I used to think that the Tory problem was housing. But now I'm not so sure

A tentative U-Turn.

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It’s the housing market, stupid: that’s the analysis on what happened at the 2017 election that is gradually becoming the orthodoxy.

Matt Singh, the founder of Number Cruncher Politics, has looked at the British Electoral Survey and found that housing type heavily correlated with voting choice in the last election. People in the private rented sector not only voted in greater numbers, but were also more likely to vote Labour.

While you can criticise Theresa May’s commitment to it – not to mention that Philip Hammond’s Treasury has blocked many of Sajid Javid’s more radical ideas – the government is, rhetorically at least, talking about tackling the housing market.

I myself used to be strongly convinced by the view that the United Kingdom’s housing market is clearly driving some of the Conservative party’s electoral troubles. However, increasingly, I think the bigger problem facing the Conservatives as a result of the housing market, is one of distribution: growing prices means that liberal and ideologically left-wing middle class voters, who might previously have remained in Manchester, London or Liverpool, are moving out to previously blue or marginal suburbs – and taking their voting habits with them (see, for instance, the Wirral constituencies, both Bury seats, and Croydon Central).

I don’t want to belittle this problem. To take Merseyside as an example, in 2010 the Conservatives won Wirral West and could realistically aspire to take Sefton Central (Labour majority of 3,682) or Wirral South (531). Now, Wirral West is the most vulnerable Labour seat in the region and even that has a majority in excess of 5,000. But while this is a problem caused by the housing market, I am not wholly certain it is one that could be fixed by “solving” the British housing market (to the extent that is even possible). People move and lay down roots. Left-leaning Londoners who have made a new life for themselves in formerly marginal Bristol seats are not going to return to the capital, even if the option to do so suddenly became more affordable; at least not in numbers great enough to erode the big majorities enjoyed in most of the Bristol seats.

It seems to me that the “it’s housing, stupid” thesis needs to grapple with a few things. The first is that while renting remains a poor cousin to home ownership in the United Kingdom, renting did not become a significantly worse way to live between 2015 and 2017. (You might reasonably ask how it could have become worse all things considered.) The pressures on renters became more acute because the fall in the value of the pound helped increase inflation, which meant that wages fell in real terms, making the burden of rent payments more acute – but again, this is not a problem that can be primarily seen through the prism of the housing market, I think.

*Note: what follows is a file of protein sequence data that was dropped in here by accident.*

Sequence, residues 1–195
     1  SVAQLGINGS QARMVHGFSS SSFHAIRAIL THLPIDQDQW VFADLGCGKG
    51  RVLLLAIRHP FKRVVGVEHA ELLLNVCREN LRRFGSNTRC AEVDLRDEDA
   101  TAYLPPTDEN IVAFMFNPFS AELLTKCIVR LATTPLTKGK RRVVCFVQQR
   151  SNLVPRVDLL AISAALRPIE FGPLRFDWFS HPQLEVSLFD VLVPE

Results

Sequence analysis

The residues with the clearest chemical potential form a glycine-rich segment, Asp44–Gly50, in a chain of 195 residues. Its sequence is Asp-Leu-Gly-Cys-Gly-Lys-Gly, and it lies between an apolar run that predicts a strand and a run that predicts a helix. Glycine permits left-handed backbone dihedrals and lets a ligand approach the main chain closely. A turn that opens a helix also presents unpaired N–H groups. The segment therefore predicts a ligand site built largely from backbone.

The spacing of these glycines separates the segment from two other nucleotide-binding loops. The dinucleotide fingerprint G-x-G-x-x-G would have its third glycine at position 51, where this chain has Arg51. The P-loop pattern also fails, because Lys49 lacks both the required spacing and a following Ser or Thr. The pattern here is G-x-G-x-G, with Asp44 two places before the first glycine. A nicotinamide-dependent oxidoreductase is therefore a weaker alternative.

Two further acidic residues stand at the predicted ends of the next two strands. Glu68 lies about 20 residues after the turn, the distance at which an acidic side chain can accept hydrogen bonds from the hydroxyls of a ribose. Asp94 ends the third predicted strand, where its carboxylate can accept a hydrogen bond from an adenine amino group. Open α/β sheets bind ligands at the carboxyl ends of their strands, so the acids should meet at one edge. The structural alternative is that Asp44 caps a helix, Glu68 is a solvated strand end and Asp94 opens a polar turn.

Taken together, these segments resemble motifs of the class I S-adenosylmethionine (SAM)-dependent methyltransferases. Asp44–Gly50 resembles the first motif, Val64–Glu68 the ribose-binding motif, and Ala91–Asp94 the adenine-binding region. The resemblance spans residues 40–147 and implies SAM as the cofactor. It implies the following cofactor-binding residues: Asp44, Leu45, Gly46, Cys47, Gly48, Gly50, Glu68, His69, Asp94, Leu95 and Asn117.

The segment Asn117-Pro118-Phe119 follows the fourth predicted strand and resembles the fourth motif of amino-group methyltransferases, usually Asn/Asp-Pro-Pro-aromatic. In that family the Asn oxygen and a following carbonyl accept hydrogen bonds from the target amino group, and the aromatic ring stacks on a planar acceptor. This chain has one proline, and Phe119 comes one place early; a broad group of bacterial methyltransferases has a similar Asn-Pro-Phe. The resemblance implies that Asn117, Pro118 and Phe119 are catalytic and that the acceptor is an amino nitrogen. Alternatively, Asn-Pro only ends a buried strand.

Increasingly I think the turn to Labour among renters might be a bit of a false positive: many people renting turned towards Labour, but that they were renting is sort of a secondary factor. More important vote-drivers include: their concern over cuts to schools and hospitals, anger about Brexit and the government’s broader turn towards the socially illiberal, in addition to the pressure on wages caused by the economy being in a slightly worse state in 2017 than in 2015, when the fall in the petrol price made people feel more affluent.

Now, of course, you can fix some of these things through sorting the housing market: if the cost of rent as a proportion of income falls because rent has fallen, then you probably get the same feel-good factor as if rent fell as a proportion of income because wages had risen. But broadly, I increasingly think that the government’s problems with the voters it lost from 2015 and 2017 don’t begin with the housing crisis, and wouldn’t end if it could be fixed by 2022 either.

Stephen Bush is special correspondent at the New Statesman and the PSA's Journalist of the Year. His daily briefing, Morning Call, provides a quick and essential guide to domestic and global politics.